It’s a get-rich-quick scheme that stings. In quite a few countries, but particularly in Iran, people are trying to turn scorpion’s venom into fortunes. They’ve invested time and
While alcohol has been illegal in Iran since the Islamic Republic’s creation in 1979, liquor is readily available on the black market, whether it’s smuggled from abroad or produced by local bootleggers.
I participated recently in a debate on France24 about Iran and France relation after Paris has frozen assets of Iran’s intelligence services over alleged bomb plot by Tehran.
In Iran, TV channels – which are all state-run – do not broadcast most women’s sports competitions due to restrictions on showing women’s bodies. But thanks to social media, Iranian women are covering women’s sports themselves.
Three videos circulating on social networks in Afghanistan claim to show a “prayer-writing” mullah sexually assaulting three separate women. The videos were reportedly made three years ago in the north-central Faryab province, but appeared online the week of September 10. Local officials have identified the mullah and accused him of rape. If the charges are correct, these videos would be rare documentation of an often-alleged practice: rape committed by mullahs claiming to offer prayer-inspired healing to women. They are known as “taweez nevis” in Afghanistan: self-appointed mullahs who in return for money write prayers on paper that are supposed to serve as “charms” (taweez). Afghan families often send women to see them in case of marital problems such as infertility. The sessions often lead to abuse. The three videos sent to me by multiple sources in Afghanistan appear to show such abuse. They show the same man, with a long beard and white robes, alone with three different women, in each case lying on a mattress on the floor. Screengrab from a video circulating …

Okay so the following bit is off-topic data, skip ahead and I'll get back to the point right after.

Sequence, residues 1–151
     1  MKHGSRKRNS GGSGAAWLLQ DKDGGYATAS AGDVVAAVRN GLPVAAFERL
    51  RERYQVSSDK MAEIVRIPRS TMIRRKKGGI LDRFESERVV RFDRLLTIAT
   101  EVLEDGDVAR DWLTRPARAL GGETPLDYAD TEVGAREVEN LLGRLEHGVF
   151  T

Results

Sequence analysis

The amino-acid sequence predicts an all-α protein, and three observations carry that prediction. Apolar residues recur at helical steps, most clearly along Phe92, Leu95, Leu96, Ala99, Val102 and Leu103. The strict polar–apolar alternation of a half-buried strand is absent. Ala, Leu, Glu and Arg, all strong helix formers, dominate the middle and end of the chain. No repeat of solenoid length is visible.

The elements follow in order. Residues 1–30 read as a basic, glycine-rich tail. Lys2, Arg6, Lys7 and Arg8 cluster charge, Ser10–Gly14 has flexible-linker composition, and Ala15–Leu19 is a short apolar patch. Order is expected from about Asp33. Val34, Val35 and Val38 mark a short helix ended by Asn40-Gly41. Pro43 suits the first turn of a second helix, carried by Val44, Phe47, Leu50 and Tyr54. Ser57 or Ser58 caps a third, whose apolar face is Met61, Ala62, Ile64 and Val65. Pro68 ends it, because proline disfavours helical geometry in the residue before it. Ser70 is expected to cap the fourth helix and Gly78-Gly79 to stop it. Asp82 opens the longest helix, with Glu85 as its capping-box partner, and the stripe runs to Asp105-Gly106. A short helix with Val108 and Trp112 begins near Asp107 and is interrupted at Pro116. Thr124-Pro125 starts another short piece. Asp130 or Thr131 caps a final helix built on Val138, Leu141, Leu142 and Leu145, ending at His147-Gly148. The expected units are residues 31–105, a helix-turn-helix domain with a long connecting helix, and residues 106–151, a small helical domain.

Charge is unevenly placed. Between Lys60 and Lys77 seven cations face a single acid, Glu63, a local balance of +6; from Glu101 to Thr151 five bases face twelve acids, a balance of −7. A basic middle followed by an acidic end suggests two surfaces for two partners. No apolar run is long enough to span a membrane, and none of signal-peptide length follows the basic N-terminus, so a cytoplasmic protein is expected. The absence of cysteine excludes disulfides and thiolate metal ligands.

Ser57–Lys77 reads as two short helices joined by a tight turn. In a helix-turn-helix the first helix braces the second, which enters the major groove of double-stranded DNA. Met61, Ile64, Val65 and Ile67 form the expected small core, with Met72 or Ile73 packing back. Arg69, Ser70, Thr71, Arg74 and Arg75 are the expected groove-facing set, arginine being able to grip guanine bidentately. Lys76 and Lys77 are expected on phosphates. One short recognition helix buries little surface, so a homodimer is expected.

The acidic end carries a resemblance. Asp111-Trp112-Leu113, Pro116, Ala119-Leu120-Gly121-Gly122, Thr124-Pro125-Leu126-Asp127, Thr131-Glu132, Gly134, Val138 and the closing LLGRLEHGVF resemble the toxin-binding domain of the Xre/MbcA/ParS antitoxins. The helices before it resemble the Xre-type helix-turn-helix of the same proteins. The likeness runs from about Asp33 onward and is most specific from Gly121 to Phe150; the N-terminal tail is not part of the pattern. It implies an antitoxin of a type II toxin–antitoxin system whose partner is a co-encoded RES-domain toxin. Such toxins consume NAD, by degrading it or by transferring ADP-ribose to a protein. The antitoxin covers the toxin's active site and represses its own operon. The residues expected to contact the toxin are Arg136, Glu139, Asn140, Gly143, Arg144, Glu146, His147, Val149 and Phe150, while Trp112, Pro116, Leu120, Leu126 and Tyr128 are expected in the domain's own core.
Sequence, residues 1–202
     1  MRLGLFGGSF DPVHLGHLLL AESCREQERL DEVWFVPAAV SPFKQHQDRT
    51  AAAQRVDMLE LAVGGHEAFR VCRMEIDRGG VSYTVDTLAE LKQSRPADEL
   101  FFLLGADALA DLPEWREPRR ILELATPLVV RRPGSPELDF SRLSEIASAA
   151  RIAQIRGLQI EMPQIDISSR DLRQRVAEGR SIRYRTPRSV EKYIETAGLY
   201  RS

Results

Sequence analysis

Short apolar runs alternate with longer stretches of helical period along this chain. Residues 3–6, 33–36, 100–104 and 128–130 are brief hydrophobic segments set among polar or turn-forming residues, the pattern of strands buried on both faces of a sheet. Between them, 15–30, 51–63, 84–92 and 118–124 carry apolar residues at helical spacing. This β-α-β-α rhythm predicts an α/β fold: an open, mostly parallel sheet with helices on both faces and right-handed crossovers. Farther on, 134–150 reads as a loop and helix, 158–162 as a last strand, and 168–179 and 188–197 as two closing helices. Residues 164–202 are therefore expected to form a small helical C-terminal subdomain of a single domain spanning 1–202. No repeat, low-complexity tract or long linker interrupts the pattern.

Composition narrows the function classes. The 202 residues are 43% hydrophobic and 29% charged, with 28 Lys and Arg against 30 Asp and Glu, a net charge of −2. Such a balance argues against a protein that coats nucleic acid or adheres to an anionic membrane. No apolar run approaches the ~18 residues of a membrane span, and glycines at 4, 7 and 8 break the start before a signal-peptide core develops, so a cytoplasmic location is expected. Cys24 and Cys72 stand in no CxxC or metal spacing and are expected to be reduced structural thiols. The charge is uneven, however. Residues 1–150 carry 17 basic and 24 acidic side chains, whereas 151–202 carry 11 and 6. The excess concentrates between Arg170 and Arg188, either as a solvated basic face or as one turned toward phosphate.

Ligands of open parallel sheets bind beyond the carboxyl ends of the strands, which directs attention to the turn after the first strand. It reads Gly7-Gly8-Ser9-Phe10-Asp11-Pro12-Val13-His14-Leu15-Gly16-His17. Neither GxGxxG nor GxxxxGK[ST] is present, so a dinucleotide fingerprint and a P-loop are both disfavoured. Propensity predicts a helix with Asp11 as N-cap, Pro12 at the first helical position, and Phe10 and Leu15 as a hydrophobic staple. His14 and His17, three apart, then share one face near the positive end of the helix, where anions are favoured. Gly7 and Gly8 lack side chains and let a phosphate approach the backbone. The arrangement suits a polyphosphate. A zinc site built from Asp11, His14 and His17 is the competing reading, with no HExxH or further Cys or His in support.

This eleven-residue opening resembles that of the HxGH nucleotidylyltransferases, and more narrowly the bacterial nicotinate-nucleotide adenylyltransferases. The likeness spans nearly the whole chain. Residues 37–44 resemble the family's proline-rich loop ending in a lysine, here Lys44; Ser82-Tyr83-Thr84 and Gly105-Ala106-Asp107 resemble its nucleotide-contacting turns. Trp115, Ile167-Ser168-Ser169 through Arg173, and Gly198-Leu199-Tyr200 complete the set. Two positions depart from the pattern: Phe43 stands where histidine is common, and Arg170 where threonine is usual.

A video widely shared in Iran starting in late August 2018 shows a man removing what he says is an electronic listening device from a tree in Tehran. In fact, the device is a digital tag installed by a software company to identify and protect trees.
Since mid-August, a mysterious photo of former Iranian president Mahmoud Ahmadinejad leaning on a rustic walking stick has been widely shared on social media in Turkey – with captions saying he’s spending his retirement herding sheep in his village. It is not true: in fact Ahmadinejad is still in Tehran, still involved in politics, and facing multiple allegations of corruption. The photograph shows Ahmadinejad in a forested area, in a padded jacket, with a stout stick in his hands. The photo has been published by a Twitter account with 2.2 million followers, an Instagram page with 1.6 million followers, and dozens of Facebook pages with hundreds of thousands of followers between them. This Facebook page on August 14 published an undated photograph showing former Iranian President Mahmoud Ahmadinejad. The caption in Turkish reads: “Ahmadinejad is herding sheep in his village now, not like our politicians taking money from the state after retirement.” What is false in this story? First off, Ahmadinejad does not live in a village; he lives in his house in the Narmak …